Books to Read-Aloud: This week’s Favorite is The Boy Who Wouldn’t Share

| May 27, 2008 | 0 Comments

Story Time is every Tuesday at Tree Top Kids, Foxhall Square , with yours truly. This week’s selections follow:

The Boy Who Wouldn't ShareThe Boy Who Wouldn’t Share

by Mike Reiss (Author), David Catrow (Illustrator)

Reading level: Ages 6-8

Hardcover: 32 pages

Publisher: HarperCollins (May 27, 2008)

Synopsis:

Edward has oodles of toys but doesn’t share any of them with his little sister, Claire. She cannot ride his rocking horse, hug his teddy bear, or even think about touching his Slinky.

“They’re mine!” he says. That is, until one day when Edward finds himself stuck under his enormous pile of toys and can’t move! With a little help from an unlikely ally, he learns that if he can share with others, they’ll share right back with him.

Mike Reiss’s wickedly funny verse and David Catrow’s remarkable gift for comic illustration make this one book you’ll want to share—again and again!

Comments: A must for any youngster who has trouble sharing – which in reality, who doesn’t! Be careful with toddlers, as you may find it has the reverse effect … they will be chanting, “mine, mine, mine!”

Links: Review of the Day: The Boy Who Wouldn’t Share – a post by Elizabeth Bird at A Fuse #8 Production.

Sometimes You Get What You WantSometimes You Get What You Want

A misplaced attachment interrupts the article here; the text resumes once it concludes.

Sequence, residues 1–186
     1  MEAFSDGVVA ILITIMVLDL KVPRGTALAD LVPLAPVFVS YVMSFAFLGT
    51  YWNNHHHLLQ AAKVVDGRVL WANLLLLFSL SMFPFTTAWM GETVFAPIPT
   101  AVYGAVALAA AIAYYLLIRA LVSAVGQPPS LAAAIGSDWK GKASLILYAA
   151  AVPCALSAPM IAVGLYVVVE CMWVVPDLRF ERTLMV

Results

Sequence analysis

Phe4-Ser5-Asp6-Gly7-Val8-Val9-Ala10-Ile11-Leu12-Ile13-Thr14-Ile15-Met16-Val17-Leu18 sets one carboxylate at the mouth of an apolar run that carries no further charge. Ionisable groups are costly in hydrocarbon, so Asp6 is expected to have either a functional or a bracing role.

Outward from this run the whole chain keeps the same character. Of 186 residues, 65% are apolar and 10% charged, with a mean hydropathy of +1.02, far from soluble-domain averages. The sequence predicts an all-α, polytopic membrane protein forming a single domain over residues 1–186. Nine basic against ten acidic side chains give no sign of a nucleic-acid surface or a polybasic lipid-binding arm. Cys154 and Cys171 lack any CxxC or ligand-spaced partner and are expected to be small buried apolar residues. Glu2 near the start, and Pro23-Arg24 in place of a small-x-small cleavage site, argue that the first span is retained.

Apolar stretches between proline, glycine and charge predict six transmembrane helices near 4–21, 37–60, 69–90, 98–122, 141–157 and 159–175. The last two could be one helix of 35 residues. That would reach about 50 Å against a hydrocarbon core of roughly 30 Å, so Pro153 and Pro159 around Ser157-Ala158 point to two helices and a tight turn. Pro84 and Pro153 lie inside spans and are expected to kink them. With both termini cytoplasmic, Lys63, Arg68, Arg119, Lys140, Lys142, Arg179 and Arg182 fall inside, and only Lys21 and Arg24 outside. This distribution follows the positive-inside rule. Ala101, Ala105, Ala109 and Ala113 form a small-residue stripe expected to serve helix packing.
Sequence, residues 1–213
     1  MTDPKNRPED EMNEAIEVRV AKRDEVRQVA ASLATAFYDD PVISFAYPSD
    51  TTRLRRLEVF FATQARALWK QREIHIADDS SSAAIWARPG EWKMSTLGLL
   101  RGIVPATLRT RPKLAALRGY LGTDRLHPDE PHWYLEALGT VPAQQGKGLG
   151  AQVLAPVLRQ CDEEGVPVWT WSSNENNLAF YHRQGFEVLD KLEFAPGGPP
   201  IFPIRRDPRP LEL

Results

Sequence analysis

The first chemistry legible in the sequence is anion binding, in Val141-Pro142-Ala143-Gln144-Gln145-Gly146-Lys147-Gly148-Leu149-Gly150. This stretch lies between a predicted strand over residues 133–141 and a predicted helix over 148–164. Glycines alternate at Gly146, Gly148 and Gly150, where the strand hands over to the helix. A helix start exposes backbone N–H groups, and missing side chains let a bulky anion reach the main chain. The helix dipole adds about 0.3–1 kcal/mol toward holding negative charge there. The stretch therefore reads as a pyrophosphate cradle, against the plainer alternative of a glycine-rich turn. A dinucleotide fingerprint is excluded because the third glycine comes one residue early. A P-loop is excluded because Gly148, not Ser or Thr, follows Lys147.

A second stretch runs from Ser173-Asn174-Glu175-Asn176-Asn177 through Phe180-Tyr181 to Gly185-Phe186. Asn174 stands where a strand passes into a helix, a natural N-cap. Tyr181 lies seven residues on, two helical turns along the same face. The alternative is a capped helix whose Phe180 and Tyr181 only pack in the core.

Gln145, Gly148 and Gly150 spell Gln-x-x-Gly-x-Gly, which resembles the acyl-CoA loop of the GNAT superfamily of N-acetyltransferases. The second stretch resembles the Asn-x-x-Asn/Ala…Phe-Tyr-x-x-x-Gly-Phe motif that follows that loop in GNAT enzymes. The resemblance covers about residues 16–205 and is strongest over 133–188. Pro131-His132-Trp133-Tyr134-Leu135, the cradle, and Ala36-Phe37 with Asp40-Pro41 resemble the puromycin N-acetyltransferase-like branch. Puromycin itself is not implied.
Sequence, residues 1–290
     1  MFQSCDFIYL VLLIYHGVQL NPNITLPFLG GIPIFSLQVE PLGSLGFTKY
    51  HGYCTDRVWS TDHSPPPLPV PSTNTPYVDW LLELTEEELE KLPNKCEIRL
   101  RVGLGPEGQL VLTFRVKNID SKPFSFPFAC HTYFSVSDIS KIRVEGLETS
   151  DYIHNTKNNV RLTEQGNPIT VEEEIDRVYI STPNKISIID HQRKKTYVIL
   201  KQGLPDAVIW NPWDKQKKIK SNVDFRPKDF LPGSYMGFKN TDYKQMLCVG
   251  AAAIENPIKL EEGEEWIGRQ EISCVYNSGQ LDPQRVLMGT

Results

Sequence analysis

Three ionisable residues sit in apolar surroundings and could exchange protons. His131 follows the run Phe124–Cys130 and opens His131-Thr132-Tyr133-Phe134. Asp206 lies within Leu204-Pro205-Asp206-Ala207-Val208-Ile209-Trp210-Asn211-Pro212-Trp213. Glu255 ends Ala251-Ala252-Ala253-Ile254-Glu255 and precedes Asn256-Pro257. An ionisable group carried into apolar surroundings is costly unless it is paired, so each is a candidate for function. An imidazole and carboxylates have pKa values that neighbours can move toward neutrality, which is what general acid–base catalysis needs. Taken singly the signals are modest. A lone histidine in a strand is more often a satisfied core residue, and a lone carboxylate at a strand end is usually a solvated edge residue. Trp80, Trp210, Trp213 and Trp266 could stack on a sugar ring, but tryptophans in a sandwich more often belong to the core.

by Meredith Gary (Author), Lisa Brown (Illustrator)

Reading level: Ages 2-8

Hardcover: 32 pages

Publisher: HarperCollins (May 13, 2008)

Synopsis:

Sometimes you get what you want.

Sometimes you don’t.

This is a book about those times.

Comments: So simply and clearly this book conveys its message.

Links: Article from Horn Book Magazine.

Fabulous FishesFabulous Fishes

by Susan Stockdale

Reading level: Ages 2-6

Hardcover: 32 pages

Publisher: Peachtree Publishers (March 1, 2008)

Synopsis:

With a simple, rhyming text and brightly colored, richly textured illustrations, author-illustrator Susan Stockdale introduces young readers to different kinds of fish and the underwater world they call home.

From the spiky lionfish and the brightly colored clownfish to lanternfishes and hatchetfishes that flash lights so they can find each other in the deepest, darkest parts of the ocean, children will be fascinated by the breadth of sea life depicted. An Afterword offers fascinating facts and an in-depth look at each fish.

Comments: Very simple concepts are used to discover an amazing array of fish. A great read-aloud. How

How Do You Say Good Night?Do You Say Good Night?

by Raina Moore (Author), Robin Luebs (Illustrator)

Reading level: Ages 2-8

Hardcover: 32 pages

Publisher: HarperCollins (May 20, 2008)

Synopsis:

There are so many ways to say good night. Pups say it with a stretch and a yawn. Piglets say it with a kiss and a sigh. Lambs say it with a cuddle and a hug. But no matter how many different ways the animals in this snuggly bedtime book say good night, they all have one thing in common: They say it with love. How do you say good night?

Comment:The illustrations are hug-able.

Tags: , , , , , , ,

Category: Ages 0-3, Ages 4-8

About the Author ()

The Children’s Book Review, named one of the ALSC (Association for Library Service to Children) Great Web Sites for Kids, is a resource devoted to children’s literacy. We publish reviews and book lists of the best books for kids of all ages. We also produce author and illustrator interviews and share literacy based articles that help parents, grandparents, teachers and librarians to grow readers. This article was written and provided by one of TCBR's regular contributors.

Leave a Reply

*